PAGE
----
Tag Archives: Leadership

“Until you can’t do it no more” —ex-Warrior Stephen Jackson, 40, still ballin’ — Keep Doing What You Love to Do

What a lesson to us all! Stephen Jackson, “Stack Jack,” is a former NBA star for the Warriors, and he continues to play the game. He’s 40 years old and “still ballin’.”

It doesn’t matter that he’s not in the NBA.

It doesn’t matter that he’s not getting paid to be on a team.  

He loves to play ball.

That means he’s having fun, staying engaged and — He Keeps Doing What He Loves to Do!

We should all continue to do what we love to do. That’s why we are here… Jackson says:

“I don’t understand how people who retire automatically stop playing.  I’m gonna keep playing ’til God takes my blessing from me.”

Read on for a great sports San Francisco Chronicle article on this inspiring player who continues to follow his passion. So should we!   

Follow It,



‘Until you can’t do it no more’ —ex-Warrior Jackson, 40, still ballin’
San Francisco Chronicle, 5 July 2018

By Scott Ostler

“If you really love something, you gonna do it until you can’t do it no more,” he said. “And that’s how I feel about basketball. I’m good at it, so I play with a passion, and I’m gonna continue to play it. I don’t understand how people who retire automatically stop playing. I’m gonna keep playing ’til God takes my blessing from me.”

If Bob Myers is looking for a 6-foot-8 swing-man who can run the point, shoot the three, play high-level defense, and give the Warriors some Draymond Green-level grit and leadership, he might want to wander over to Oracle Arena on Friday night. The Big3 — the upstart three-on-three professional basketball league — is in town. One of the teams, the Killer 3s, has this intense kid they call Stack Jack.

Stephen Jackson. Actually, Myers knows his team history and surely remembers that Jackson was the heartbeat of the “We Believe” Warriors who upset the top-seeded Mavericks in the first round of the playoffs in 2007.




That was a crazy, couldn’t-happen situation, so who can blame Jackson for still believing?

“You know what would be a great situation?” Jackson said in a phone interview. “I come out there (to Oakland), we have a good game and we win, and the Warriors sign me to a one year deal. Wouldn’t that be great?”

That’s the type of interesting people and accomplished ballplayers the Big3 is trotting around the country in its second season. At its first two stops this year, the one-day tournament drew an average of 15,000 fans. It’s playground style three-on-three, first team to 50 wins. There is a 14-second shot clock, and there are four-point-shot zones from 30 feet out.


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The league is stocked with players and coaches with Oakland background: Baron Davis (player), Gary Payton (coach) and Rick Barry (coach). Amy Trask, Al Davis’ longtime right-hand person, is the league’s chairwoman. They’ll play four games Friday at Oracle. Rapper and actor Ice Cube is the league’s co-creator.

Jackson, who is 40 and last played in the NBA in the 2013-14 season, has fond memories of the “We Believe” days. Don Nelson, then the Warriors’ head coach not only welcome​d Jackson, he appointed him captain. Jackson responded by teaming with Davis, Monta Ellis, and Jason Richardson to lead the Warriors into the playoffs and over the stunned Mavericks.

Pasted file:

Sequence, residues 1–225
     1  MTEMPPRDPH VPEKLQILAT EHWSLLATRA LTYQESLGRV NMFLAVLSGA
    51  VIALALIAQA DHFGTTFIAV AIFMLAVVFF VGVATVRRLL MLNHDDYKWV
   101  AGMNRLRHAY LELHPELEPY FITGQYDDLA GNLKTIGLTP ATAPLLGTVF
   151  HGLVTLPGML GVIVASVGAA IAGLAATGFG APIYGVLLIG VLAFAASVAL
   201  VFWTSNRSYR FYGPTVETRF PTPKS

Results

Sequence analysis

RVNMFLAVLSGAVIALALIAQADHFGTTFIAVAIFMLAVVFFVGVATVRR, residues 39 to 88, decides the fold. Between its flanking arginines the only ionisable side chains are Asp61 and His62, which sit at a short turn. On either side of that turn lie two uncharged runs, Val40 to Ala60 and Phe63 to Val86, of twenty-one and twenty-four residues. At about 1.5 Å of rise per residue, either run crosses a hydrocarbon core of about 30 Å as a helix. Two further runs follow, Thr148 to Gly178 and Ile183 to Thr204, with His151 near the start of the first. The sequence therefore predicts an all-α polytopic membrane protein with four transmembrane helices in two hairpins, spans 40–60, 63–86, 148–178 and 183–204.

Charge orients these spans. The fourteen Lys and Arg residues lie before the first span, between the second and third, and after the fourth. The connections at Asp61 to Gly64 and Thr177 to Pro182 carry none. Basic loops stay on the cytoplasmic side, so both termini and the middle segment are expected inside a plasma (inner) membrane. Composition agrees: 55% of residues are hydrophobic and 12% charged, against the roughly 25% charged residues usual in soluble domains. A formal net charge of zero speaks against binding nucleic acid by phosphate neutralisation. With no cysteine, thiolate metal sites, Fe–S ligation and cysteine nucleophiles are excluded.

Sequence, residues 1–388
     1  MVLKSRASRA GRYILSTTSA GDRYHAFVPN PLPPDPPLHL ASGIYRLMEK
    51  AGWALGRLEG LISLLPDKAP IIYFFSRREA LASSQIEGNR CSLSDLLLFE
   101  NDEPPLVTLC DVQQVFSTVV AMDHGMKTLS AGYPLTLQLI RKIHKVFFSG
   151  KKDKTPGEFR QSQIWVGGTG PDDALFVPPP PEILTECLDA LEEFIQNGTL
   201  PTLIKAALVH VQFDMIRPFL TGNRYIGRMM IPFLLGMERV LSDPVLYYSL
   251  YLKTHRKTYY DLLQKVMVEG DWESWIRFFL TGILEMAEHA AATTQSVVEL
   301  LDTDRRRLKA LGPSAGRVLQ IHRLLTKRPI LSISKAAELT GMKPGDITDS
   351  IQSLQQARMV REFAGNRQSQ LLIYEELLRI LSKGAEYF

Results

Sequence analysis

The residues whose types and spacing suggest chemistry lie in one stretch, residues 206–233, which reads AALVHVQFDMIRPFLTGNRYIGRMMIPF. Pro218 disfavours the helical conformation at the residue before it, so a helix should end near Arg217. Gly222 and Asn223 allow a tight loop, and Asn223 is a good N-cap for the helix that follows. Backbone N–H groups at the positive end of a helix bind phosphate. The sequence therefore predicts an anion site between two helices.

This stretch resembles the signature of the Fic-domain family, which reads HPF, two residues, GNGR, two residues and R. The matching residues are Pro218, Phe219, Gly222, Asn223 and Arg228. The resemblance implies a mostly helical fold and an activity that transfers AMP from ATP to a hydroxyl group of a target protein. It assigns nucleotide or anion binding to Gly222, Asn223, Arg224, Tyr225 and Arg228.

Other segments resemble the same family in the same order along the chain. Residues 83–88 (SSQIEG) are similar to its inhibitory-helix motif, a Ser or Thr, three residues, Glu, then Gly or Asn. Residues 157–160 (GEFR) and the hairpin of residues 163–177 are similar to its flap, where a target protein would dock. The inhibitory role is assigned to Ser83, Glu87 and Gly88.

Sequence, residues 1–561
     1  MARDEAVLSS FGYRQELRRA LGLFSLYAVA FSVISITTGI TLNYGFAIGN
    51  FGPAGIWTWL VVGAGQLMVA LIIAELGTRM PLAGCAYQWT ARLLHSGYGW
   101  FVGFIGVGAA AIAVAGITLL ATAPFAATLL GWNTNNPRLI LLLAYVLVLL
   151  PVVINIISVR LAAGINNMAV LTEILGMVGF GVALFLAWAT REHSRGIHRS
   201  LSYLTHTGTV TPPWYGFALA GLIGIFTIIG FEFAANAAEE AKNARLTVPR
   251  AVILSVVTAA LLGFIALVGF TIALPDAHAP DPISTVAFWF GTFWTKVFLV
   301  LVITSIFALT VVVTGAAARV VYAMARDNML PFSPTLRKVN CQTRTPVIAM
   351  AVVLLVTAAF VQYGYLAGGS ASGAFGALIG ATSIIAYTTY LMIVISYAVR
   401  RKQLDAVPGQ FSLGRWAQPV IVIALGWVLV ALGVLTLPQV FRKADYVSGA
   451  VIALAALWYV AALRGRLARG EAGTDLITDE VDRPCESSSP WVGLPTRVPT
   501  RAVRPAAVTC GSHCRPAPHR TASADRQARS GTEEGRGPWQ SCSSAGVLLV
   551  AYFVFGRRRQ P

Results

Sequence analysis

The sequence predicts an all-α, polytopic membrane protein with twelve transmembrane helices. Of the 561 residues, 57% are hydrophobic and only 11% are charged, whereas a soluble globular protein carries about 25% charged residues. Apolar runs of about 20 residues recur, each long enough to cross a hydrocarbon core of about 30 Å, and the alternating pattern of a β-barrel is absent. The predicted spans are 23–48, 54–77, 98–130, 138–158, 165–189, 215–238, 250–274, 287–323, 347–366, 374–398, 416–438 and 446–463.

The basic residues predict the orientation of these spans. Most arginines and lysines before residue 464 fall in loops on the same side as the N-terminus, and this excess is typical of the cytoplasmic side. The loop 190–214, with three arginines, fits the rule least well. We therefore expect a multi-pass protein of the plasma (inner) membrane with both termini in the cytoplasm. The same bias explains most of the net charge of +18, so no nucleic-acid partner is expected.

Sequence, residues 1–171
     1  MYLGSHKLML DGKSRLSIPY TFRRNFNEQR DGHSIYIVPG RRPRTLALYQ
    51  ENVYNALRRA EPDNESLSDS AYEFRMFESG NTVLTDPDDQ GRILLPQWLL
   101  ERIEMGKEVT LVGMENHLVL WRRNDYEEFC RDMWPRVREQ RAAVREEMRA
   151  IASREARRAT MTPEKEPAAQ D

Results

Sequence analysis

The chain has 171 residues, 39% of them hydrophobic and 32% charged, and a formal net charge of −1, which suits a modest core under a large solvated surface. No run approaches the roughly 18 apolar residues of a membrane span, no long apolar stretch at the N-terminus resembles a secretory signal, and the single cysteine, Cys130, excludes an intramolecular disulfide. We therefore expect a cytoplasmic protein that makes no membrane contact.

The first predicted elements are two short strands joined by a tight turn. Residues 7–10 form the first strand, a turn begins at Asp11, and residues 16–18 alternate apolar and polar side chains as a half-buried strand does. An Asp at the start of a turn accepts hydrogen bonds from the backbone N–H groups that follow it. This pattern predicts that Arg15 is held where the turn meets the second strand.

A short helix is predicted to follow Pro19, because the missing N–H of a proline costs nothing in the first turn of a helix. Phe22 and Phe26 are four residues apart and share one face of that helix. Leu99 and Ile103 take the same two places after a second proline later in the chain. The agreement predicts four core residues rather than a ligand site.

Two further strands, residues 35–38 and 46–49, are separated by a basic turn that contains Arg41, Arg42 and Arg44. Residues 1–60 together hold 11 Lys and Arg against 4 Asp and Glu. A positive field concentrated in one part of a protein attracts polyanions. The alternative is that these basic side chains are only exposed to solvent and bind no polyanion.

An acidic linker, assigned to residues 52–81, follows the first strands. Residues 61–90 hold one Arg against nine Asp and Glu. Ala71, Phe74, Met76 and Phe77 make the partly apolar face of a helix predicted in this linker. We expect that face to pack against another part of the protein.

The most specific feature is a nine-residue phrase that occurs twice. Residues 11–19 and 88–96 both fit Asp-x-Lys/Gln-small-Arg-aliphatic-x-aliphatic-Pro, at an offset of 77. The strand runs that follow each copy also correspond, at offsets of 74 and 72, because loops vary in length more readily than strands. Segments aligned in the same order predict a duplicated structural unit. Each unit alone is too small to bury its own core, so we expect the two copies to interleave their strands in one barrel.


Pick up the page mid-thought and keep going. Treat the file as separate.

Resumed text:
“It’s easy to go out there and fight and scratch and play and sweat and bleed for guys that you consider your friends, your brothers,” Jackson said of the We Believers. “I been knowin’ Baron since I was 16, I been knowin’ Al since I was 19.”

“If you ask the fans in the Bay Area, they love winnin’ these championships right now, but they’ll tell you they got a special place in their hearts for us. It’s gonna feel good to come back to Oracle and play — I can’t wait to get that feeling back again.”

Jackson hasn’t lost an ounce of passion for the game. He plays in various leagues, in pickup games, works out daily, [and] says he’s in NBA condition.

“If you really love something, you gonna do it until you can’t do it no more,” he said. “And that’s how I feel about basketball. I’m good at it, so I play with a passion, and I’m gonna continue to play it. I don’t understand how people who retire automatically stop playing. I’m gonna keep playing ’til God takes my blessing from me.”


Stephen Jesse Jackson (born April 5, 1978) is an American retired professional basketball player who played 14 seasons in the National Basketball Association with the New Jersey Nets, Indiana Pacers, Golden State Warriors, Milwaukee Bucks, Charlotte Bobcats, San Antonio Spurs, and Los Angeles Clippers (NBA). Jackson won an NBA championship in 2003 as a member of the San Antonio Spurs.

Jackson was born in Port Arthur, Texas and spent his childhood there. Growing up, Jackson was raised by his mother, Judyette, a single parent who worked two jobs. As a teenager, Jackson worked in his grandfather’s soul food restaurant in Port Arthur, where he would wash dishes and bus tables. At the age of 16, Jackson’s half-brother Donald Buckner died at 25 years old from head injuries after being jumped. Following the violent tragedy, Jackson said that he wished he could have been there to assist and protect a member of his family. “You can’t tell me seeing his brother die that way hasn’t had an effect,” recalls Pacers CEO Donnie Walsh. “To me, it’s why he is always coming to the help of his teammates.” On July 22, 2015, Jackson announced his retirement. In 2017, Jackson joined the BIG3 basketball league.

The above is an excerpt. Read more of his biography here.

The Classic Pamela Positive: Don’t Ever Give This Up: Humble Will

peak-299011_640Don’t ever give this up.  Your Humble Will.   It’s your commitment to persevere.

Business models will change and do change. Systems change, marketplaces change, technology changes.

But your Humble Will to persevere cannot.  Your organization relies on it; your team must know it. And you must found this commitment to persevere deeply within your soul and daily execution.

Please note I add “humble will.” It’s a listening commitment, a listening perseverance. You can’t just bulldoze ahead….. You have to be in touch with your marketplace, sector, clients, board, partners, team in order to know the best way to go, each moment, each day. And that takes humble listening.

Don’t ever give up your Humble Will to persevere.

The Pamela Positive: Make Criticism Yield to You

“Against criticism a man can neither protest nor defend himself; he must act in spite of it, and then it will gradually yield to him.”  –Johan Wolfgang von Goethe

No matter how hard it is, we have to face challenging feedback and take some step of action. It’s not easy… but the more we do it, the more we become accustomed to it.   To being honest with ourselves…and to overcoming the challenge.  We grow, we excel, and we move on, up and over it.   With that honesty, as Goethe states, “(the criticism) will gradually yield to him.”